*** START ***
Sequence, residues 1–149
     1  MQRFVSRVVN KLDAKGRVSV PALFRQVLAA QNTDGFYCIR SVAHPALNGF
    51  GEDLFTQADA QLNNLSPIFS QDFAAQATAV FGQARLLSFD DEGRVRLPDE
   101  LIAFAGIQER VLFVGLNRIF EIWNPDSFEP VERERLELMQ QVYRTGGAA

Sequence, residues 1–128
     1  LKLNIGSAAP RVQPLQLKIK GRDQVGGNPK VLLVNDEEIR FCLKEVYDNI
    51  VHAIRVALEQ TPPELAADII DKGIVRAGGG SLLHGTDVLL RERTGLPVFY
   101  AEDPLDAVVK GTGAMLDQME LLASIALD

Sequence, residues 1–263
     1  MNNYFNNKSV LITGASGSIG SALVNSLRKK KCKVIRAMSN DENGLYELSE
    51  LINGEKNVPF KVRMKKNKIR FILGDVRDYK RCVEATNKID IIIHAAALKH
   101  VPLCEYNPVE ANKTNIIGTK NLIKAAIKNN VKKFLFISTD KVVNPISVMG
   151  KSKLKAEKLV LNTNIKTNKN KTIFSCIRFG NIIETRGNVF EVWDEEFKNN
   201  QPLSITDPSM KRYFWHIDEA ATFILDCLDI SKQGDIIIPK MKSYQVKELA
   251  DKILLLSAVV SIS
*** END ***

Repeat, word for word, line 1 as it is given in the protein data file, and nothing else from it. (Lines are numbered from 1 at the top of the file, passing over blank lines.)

Sequence, residues 1–149